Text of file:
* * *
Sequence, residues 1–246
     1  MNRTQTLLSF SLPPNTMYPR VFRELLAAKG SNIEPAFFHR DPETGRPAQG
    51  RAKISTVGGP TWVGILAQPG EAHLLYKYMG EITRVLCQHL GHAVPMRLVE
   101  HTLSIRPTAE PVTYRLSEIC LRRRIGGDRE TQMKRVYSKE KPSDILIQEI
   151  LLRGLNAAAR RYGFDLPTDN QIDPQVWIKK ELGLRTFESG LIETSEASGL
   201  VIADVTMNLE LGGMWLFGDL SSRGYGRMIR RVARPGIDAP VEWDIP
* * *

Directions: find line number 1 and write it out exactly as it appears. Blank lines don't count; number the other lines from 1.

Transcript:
Sequence, residues 1–246